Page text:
Meaning of crowdfund in English:


Pronunciation /ˈkraʊdfʌnd/

Translate crowdfund into Spanish


[with object]
  • Fund (a project or venture) by raising money from a large number of people who each contribute a relatively small amount, typically via the internet.

    ‘he's launched a campaign to crowdfund the first album he'll record under his own name’
    • ‘Now he's looking to crowdfund his next research project, on the neuronal effects of amphetamines.’
    • ‘The firm launched a Kickstarter campaign to crowdfund $30,000 towards the pen's development programme, a target that was passed in a few hours.’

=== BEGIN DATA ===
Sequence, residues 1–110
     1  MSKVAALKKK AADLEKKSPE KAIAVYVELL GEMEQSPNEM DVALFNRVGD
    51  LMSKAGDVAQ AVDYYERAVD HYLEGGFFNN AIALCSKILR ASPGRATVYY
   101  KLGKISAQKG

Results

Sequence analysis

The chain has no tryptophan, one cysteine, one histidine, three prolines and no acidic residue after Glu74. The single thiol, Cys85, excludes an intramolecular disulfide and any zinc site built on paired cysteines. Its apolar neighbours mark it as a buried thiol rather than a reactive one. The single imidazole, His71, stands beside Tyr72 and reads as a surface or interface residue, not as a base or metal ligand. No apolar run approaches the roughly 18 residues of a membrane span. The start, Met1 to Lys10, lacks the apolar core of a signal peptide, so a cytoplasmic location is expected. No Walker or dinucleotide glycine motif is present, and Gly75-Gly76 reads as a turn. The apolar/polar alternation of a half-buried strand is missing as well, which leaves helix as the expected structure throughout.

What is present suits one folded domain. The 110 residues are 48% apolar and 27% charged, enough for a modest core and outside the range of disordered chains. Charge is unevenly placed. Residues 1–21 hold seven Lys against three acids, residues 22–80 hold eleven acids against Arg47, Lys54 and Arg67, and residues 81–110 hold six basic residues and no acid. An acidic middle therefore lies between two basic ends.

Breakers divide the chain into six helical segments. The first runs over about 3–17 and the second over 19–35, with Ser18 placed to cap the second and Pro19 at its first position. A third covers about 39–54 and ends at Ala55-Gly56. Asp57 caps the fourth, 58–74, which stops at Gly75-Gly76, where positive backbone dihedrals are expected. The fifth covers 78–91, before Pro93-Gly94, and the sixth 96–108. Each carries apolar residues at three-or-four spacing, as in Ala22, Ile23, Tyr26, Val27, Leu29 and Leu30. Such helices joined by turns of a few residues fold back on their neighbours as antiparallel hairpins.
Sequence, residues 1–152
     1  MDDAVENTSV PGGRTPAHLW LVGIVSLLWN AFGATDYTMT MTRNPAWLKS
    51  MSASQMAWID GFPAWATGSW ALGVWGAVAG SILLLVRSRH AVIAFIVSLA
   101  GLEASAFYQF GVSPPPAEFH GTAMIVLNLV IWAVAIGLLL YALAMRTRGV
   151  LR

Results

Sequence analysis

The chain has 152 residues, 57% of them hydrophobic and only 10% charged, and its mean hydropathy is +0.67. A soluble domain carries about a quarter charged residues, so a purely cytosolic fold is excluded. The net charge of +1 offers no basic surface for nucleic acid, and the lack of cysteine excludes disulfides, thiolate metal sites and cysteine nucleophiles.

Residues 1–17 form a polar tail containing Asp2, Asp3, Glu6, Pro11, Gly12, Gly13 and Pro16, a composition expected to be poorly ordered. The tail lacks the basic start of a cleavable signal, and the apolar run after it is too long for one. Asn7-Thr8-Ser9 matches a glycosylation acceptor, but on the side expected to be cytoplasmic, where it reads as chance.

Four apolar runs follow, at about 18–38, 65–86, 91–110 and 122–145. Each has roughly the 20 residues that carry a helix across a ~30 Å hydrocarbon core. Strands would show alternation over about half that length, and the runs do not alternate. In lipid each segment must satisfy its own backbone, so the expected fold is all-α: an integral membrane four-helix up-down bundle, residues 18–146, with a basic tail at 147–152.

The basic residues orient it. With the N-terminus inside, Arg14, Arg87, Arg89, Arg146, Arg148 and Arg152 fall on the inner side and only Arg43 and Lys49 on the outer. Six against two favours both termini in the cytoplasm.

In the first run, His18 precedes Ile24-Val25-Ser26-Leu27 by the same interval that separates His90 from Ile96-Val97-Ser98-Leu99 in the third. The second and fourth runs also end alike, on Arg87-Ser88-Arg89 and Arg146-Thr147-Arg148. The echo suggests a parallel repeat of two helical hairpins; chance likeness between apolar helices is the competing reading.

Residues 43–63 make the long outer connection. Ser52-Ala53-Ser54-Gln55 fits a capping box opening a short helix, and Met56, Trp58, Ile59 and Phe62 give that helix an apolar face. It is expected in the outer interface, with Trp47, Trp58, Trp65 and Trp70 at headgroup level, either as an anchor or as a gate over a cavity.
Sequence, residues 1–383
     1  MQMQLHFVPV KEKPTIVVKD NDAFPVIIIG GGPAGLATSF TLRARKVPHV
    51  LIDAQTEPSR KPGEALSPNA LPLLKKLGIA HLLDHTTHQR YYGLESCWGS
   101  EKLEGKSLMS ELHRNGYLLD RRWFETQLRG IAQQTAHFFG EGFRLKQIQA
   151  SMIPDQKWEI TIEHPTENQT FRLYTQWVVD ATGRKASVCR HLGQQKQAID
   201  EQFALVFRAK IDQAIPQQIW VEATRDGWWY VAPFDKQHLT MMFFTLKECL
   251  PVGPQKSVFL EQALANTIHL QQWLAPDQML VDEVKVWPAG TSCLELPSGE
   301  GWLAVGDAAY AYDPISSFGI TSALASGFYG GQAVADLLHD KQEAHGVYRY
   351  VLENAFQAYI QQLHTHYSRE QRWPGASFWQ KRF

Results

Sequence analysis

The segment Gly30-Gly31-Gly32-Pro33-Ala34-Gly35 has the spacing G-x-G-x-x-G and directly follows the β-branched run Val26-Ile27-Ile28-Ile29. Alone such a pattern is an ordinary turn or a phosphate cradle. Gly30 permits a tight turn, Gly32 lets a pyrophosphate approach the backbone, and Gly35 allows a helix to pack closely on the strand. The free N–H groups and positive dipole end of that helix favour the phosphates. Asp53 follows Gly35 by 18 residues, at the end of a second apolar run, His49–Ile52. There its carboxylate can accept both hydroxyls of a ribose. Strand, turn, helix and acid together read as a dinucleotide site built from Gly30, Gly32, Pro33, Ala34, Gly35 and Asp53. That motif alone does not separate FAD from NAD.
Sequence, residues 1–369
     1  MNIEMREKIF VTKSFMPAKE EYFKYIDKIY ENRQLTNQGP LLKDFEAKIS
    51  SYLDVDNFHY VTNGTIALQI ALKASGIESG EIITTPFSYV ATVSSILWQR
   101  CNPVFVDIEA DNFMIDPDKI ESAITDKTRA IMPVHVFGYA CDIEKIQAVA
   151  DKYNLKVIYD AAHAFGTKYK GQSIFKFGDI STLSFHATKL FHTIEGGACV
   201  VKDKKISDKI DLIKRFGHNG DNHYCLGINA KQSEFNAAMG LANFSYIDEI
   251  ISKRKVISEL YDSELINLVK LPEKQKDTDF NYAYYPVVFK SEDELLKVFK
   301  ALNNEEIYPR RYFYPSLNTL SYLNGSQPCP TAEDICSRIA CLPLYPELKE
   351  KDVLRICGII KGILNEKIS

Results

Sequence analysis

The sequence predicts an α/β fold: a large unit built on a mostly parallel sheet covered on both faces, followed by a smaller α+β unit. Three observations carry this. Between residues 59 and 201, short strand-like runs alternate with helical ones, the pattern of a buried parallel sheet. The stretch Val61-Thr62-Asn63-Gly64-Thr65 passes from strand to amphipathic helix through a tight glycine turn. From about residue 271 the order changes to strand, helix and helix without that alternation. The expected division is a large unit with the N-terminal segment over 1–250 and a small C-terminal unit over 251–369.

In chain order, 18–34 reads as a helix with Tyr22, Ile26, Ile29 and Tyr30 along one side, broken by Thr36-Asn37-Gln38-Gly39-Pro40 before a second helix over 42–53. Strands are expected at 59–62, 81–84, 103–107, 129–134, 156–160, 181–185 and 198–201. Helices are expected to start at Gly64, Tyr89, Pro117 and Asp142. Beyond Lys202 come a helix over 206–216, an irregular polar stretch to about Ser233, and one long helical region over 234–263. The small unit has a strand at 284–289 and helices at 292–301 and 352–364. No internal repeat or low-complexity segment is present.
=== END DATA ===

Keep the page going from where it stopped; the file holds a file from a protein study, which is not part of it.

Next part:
• ‘As experiments go, I'd really like to crowdfund a book.’
    • ‘Would I help crowdfund open source?’
    • ‘"I'd love to see someone 'crowdfund' an Avatar-sized film by begging for donations on YouTube, but we both know that's not going to happen."’
    • ‘But, like the overwhelming majority of crowdfunded ventures, Kamm experienced severe delays in manufacturing his products.’
    • ‘Fortunately, says Burtch, nearly all crowdfunded ventures - more than 95 percent - do deliver promised goods to their backers eventually.’
    • ‘She was one of the first researchers in Australia to successfully run a campaign to crowdfund their research.’
    • ‘Critics argue that crowdfunded companies won't be as carefully vetted or transparently documented as traditional ones.’


Early 21st century from crowd + fund, on the pattern of crowdsource.